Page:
The letters of the Bible tend to be the most straightforward of the Biblical Literary genres. This can make it easy to get lost in complacent reading without taking the due diligence to research what one is reading. Many people do not even know that the Epistles (the letters of the New Testament) include instructions to not let women speak in church, not to eat medium-well meat, nor do people understand why there is so much talk about “clean” and “unclean” foods in the letters of the Bible. There is much to consider when reading these letters, but perhaps the most important thing to note is that the whole Bible (including these letters) is interwoven with itself. You see, most people think of the Bible as a strict progression of stories and events, but actually from a non-linear, non-subjective viewpoint – it’s more like a big ball of wibbly wobbly, Bible-y wible-y stuff!


What is an Epistle in the first place?

Good question to start with, if I do say so myself…. Which I do.

An Epistle is a letter written by an apostle or first century Christian leader to a particular person or church. Most of our Epistles are written to various Churches with their own personal struggles and most of them are written by the apostle Paul. (An apostle is someone who is sent by the Church body – that is fellow believers of Christ – to go make more groups of “churches” in other cities, like a Church-planter.)

The reason Paul says in 1 Corinthians 14 that women should not speak in church is because the church in Corinth (his audience) had a problem of people shouting across the church during a church service and this was not culturally acceptable. Paul wrote what he did in this scenario to address a personal problem and the real take away is that believers should do their best to craft their get-togethers in such a way that is socially acceptable to strangers or outsiders that may be joining your meetings – in this interpreting example the solution was to look away from the object of what was said and look to the context in order to discover the subject of the passage. There are many similar situations in the Epistles where this sort of problem occurs in interpretation. We must look closely at the context of their culture – remember, we are bridging the gap of time anytime we read the Bible, so that we must understand the historical, cultural, and Biblical context of everything we read.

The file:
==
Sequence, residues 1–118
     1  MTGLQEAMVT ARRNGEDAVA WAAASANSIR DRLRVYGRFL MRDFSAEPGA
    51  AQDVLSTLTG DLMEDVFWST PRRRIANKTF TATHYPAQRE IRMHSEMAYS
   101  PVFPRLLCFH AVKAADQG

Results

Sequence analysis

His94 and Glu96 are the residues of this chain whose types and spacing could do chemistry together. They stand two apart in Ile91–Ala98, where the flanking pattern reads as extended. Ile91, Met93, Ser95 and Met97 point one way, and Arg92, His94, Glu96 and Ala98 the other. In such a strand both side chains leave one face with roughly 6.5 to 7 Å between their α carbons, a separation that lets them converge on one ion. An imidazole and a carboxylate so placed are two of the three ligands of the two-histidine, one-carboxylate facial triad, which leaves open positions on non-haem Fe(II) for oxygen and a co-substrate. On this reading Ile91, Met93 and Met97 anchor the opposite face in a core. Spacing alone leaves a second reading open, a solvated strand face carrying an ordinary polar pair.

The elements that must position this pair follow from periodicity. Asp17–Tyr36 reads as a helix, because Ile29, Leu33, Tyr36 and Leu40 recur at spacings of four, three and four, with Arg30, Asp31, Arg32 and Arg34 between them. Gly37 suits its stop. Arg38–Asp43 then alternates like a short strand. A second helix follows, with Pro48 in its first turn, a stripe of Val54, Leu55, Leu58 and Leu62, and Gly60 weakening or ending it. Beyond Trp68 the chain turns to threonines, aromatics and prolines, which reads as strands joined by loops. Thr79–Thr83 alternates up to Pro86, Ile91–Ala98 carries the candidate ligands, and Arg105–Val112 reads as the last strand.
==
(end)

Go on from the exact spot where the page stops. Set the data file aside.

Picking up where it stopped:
In “bridging the gap of time”, we look at two major focuses in the study of the Epistles: the cultural context, and the “wibbly wobbliness” of the Bible – remember in the interpreting journey that we discussed in the post, Biblical Narratives, there is a need to put each section of scripture into the whole picture of the Bible.

Concerning the cultural context for the Epistles, we must investigate who the author was, what he was like, why he was writing, what was his agendas, who was he writing to, what were they like, what was the city like that the audience lived in, what was the audience’s relationship to the city like, what was the author and the audience’s relationship like, what was the relationship of the audience to one another, and what was the audience’s relationship to God like. All of these questions are important; otherwise, when reading 1 Corinthians 14, we might assume that Paul, or worst yet God, believed women to be lesser than men in the church. There are many issues addressed directly in the letters of the New Testament that are very specific and personal to certain groups and we must investigate the worlds of these people in order to find applicable subjects to our world today!

The Bible as a whole picture, or as an interwoven piece of literature, needs a different type of attention, however. YOU MUST READ YOUR WHOLE BIBLE!!!! LEAVE NOTHING OUT!!!! These letters in the New Testament make puns, jokes, and plenty of other references to the gospels and Old Testament books of the Bible; one must have read and studied these books, in order to make sense out of a lot of subjects in the New Testament letters.

Right now, I have a friend who asked me to write notes with quick references to other parts of the Bible the next time I go through it, so that he can use my notes to better understand the Bible as a whole. This is an extremely important step in understanding what any part of the Bible says – you must be familiar with the whole in order to understand the parts.